Meta: The Ethos of Rumor Mongering

Social Navigation

Meta: The Ethos of Rumor Mongering

Chicago Cubs

As you may have noticed over the past few weeks, we’ve started sourcing our own rumors here at Bleacher Nation. It’s a relatively infrequent thing, but from time to time, we’ll have rumors to report that come from our own sources, rather than from other members of the blogging world or the mainstream media.

I recognize that this kind of development is typically met with skepticism. On the anonymous wires of the Internet, it’s very easy to concoct rumors out of whole cloth, and then hide behind that anonymity when, inevitably, nothing happens (or to claim soothsaying ability in the unlikely event that the prediction comes true). I know this, and I accept that many of our rumors will be met with incredulity by other bloggers or reporters or message board posters, if they hear of the rumors at all.

But I want you to know that, even as a mere blogger, I take my rumor reporting seriously. You don’t write for two years, multiple posts a day, and build up a readership in the thousands, just to blow your credibility on a rumor about Chris Davis.

I’ve always had an ethos for passing along rumors here: if it comes from a mainstream media source, another credible Cubs blog, or a credible source in the social sphere, I pass the rumor along with my own thoughts and comments, and an estimation of the veracity. As the site grew, however, I started to get contacted – both via email and the comments – by folks who claimed to have inside information. For the most part, I met these kinds of rumors with skepticism, asked follow-up information, didn’t get much, and I moved on without posting.

In time, I started to get more reliable information, but still, I resisted. Putting yourself out there as having “sources,” and then seeing a rumor flop can be poison to a developing blog. Also, I know how folks’ eyes glaze when they see “according to sources” (even though that’s how information is passed along, even for the big boys). Ultimately, I could have had a nice little scoop or two, but I blinked. Credibility is difficult to win and easy to lose.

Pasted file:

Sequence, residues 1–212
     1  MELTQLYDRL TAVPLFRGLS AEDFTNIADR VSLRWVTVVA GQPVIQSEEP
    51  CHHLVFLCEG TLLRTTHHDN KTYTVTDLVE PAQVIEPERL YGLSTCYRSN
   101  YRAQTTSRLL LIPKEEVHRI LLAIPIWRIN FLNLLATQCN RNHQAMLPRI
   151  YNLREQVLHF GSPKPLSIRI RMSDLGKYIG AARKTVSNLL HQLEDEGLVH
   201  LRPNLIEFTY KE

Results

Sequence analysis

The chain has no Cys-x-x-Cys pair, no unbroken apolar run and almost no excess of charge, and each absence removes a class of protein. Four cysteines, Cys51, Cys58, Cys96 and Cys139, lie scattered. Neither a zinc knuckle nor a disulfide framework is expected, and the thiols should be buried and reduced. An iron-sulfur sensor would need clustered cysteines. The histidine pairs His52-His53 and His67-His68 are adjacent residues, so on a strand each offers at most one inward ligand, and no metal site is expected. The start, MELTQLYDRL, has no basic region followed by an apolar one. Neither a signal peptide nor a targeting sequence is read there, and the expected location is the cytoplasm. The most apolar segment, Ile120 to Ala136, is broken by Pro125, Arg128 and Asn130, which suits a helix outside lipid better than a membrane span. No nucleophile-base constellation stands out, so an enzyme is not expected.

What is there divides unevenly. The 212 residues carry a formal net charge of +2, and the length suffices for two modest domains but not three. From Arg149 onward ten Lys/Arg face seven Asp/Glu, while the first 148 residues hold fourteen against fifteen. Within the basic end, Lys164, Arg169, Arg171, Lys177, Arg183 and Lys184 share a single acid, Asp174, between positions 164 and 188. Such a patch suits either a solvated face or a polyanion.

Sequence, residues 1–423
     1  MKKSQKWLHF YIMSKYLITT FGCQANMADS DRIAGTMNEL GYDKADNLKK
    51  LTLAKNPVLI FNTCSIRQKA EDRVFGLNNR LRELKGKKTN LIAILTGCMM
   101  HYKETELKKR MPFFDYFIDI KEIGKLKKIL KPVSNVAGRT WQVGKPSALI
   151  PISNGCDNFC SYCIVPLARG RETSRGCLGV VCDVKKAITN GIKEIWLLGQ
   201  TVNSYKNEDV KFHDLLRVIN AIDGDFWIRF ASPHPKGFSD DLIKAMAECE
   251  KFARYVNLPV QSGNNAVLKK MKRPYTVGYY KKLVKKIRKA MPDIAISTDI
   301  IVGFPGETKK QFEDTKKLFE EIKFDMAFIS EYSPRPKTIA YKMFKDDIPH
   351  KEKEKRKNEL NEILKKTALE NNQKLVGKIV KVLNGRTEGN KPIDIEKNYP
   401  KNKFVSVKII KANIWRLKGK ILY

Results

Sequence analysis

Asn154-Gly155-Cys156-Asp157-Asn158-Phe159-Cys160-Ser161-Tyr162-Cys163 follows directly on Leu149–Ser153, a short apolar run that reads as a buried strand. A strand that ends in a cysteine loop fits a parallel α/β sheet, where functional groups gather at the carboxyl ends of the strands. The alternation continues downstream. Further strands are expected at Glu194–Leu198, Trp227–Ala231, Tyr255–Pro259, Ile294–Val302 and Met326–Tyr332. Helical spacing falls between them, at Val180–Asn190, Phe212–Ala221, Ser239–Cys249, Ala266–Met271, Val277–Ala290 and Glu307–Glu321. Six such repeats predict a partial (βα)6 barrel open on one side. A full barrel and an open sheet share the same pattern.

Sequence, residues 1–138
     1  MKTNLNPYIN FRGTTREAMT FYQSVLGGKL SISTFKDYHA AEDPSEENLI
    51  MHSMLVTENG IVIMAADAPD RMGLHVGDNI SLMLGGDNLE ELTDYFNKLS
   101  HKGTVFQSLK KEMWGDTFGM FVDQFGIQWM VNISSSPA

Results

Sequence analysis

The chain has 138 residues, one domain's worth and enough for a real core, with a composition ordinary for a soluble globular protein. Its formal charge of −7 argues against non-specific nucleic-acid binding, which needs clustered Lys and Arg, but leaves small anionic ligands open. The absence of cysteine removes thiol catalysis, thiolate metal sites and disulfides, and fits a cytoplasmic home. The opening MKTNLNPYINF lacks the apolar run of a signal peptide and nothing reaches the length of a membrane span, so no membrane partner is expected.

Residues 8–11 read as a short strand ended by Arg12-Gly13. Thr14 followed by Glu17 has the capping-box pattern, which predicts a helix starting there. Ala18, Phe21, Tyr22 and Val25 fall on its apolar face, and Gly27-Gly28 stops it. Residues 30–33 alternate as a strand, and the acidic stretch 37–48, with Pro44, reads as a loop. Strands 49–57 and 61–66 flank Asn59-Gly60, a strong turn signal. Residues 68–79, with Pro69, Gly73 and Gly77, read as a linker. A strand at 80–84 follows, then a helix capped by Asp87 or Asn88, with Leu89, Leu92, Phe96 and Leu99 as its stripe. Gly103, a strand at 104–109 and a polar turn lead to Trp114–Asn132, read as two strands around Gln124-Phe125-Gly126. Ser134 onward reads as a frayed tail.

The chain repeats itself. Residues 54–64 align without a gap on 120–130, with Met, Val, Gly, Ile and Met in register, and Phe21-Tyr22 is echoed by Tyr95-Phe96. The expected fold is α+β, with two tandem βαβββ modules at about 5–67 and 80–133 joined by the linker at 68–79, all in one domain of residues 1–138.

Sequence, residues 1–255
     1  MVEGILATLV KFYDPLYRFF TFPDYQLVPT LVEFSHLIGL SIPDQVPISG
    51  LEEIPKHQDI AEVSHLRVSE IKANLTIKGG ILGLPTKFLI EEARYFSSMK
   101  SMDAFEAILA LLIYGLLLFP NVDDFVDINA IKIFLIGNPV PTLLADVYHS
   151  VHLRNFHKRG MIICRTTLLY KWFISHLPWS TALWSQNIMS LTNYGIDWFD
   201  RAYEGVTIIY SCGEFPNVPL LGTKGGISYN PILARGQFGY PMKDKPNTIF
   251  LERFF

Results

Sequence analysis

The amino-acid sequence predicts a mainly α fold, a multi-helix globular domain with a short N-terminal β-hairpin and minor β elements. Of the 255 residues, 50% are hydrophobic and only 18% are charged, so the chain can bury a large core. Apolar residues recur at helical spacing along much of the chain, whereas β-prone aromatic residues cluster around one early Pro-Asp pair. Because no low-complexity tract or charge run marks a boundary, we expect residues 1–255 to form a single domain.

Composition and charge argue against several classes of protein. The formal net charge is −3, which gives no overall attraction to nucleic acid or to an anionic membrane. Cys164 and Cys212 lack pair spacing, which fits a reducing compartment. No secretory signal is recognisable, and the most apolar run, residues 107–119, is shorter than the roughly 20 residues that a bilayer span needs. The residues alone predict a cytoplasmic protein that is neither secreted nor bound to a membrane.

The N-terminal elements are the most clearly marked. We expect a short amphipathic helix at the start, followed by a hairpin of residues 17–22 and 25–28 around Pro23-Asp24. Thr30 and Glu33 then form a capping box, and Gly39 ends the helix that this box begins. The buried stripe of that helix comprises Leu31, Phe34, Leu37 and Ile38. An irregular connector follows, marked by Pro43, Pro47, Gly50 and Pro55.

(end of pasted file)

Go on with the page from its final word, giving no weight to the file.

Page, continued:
But now, we’ve passed the threshold, and we’re reporting rumors we receive via tips. What I want the readers to know is that the rumors will still have to have some baseline level of veracity before I will post them here. Does that mean the rumor is necessarily true? No. It means that, in my estimation, the “source” is as credible as most of the anonymous sources cited in the mainstream media or on other blogs. I evaluate the identity of the source and the plausibility of the rumor, look for independent verification of the rumor and a history of accuracy for the source. And I will always protect the identity of the source (I recognize they take a risk by talking to me, and it’s in neither of our interests for sources to be outed).

This is all to say that, as Bleacher Nation moves into more regularly providing our own rumors, I want you to know that there is at least some measure of control in place so that I’m not just regurgitating completely made up garbage. Might that still happen from time to time? Sure. But as Walter Sobchak said, “At least it’s an ethos.”

And, for what it’s worth, late last night, Bruce Levine reported that, “according to a Major League source,” the Cubs spoke to the Padres about Gonzalez after the Red Sox deal initially fell through – something we sourced and reported hours before Levine. Do I feel vindicated? Nah; I’m not about all that. Do I feel like the greatest person in the history of the world? Yes.

Latest from Bleacher Nation:

Author: Brett Taylor

Brett Taylor is the Editor and Lead Cubs Writer at Bleacher Nation, and you can find him on Twitter at @BleacherNation and @Brett_A_Taylor.